The court has also distinguished between the rights of individuals and the rights of corporations. “As regards restrictive measures affecting individuals, respect for the rights of the defence and the right to effective judicial protection requires that the competent Union [EU] authority disclose to the individual concerned the evidence against that person available to that authority and which is relied on as the basis of its decision” (par 121). A corporation like Rosneft, however, doesn’t have the same right, at least not in Luxembourg. Its right is limited to knowing what’s being done to it.
“While the statement of reasons required by Article 296 TFEU [Treaty on the Functioning of the European Union, 2007] must disclose in a clear and unequivocal fashion the reasoning followed by the institution which adopted the measure in such a way as to enable the person concerned to ascertain the reasons for the measures and to enable the court having jurisdiction to exercise its power of review, that statement of reasons must, however, be adapted to the nature of the act at issue and to the context in which it was adopted. In that regard, it is not necessary for the reasoning to go into all the relevant facts and points of law, since the question whether the statement of reasons is sufficient must be assessed with regard not only to its wording but also to its context and to all the legal rules governing the matter in question and, in particular, in the light of the interest which the addressees of the measure may have in obtaining explanations. Consequently, the reasons given for a measure adversely affecting a person are sufficient if that measure was adopted in a context which was known to that person and which enables him to understand the scope of the measure concerning him” (par 122).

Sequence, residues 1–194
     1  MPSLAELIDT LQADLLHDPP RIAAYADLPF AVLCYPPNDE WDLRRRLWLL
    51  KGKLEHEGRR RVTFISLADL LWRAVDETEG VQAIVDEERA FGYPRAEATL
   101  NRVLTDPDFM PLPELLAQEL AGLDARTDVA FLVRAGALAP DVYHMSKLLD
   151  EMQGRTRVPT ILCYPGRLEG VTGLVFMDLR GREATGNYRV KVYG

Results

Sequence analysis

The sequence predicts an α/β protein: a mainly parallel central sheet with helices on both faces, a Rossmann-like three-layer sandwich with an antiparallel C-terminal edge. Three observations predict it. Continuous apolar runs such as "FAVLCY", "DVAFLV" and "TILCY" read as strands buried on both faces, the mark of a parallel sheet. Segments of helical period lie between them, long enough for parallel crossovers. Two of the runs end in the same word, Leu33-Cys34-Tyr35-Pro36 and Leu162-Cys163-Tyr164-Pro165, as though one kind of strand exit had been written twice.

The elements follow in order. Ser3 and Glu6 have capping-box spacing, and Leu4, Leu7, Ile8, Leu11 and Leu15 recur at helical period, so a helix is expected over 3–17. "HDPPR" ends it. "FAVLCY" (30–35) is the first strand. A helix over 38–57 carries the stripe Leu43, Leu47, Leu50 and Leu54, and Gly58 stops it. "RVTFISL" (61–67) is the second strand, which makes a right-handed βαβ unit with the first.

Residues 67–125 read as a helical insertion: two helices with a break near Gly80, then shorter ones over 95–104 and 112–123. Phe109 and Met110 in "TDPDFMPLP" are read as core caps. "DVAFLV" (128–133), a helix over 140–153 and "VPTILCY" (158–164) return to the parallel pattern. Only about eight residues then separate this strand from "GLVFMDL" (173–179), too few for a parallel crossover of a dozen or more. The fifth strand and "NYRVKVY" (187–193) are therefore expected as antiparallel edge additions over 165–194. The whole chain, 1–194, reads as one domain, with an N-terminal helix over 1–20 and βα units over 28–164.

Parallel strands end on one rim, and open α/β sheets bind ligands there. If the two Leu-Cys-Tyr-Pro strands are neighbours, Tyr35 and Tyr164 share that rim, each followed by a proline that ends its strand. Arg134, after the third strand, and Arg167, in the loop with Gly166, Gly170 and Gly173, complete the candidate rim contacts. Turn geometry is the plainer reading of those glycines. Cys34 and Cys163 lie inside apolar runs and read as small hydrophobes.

According to today’s ruling, the EU sanctions are lawful for no better reason than the EU has said so. “The declared objective of the contested acts [sanctions] was to increase the costs of the actions of the Russian Federation designed to undermine Ukraine’s territorial integrity, sovereignty and independence and to promote a peaceful settlement of the crisis. The contested acts [sanctions] accordingly describe the overall situation that led to their adoption and the general objectives they were intended to achieve… Consequently, the Council has, in this case, stated reasons for the contested acts that are sufficient” (par 125).
The court also dismissed Rosneft’s appeal, lodged last August, to re-hear and review claims made by the court’s Advocate-General, Melchior Wathelet, a Belgian politician, former judge of the European Court, and political patron of the court’s current chief judge Lenaerts.
Wathelet’s recommendations to the court to dismiss Rosneft’s case were issued on May 31, 2016. They can be read here. The court has now revealed its ruling to protect Wathelet from appeal on the ground that his friends on the bench have the discretion to accept his opinion without further ado. In today’s ruling the court ruled to say it preferred Wathelet because he had provided “all the information necessary to enable it to reply to the questions put by the referring court, and that all the arguments required for the decision on this case have been debated by the parties” (par 44).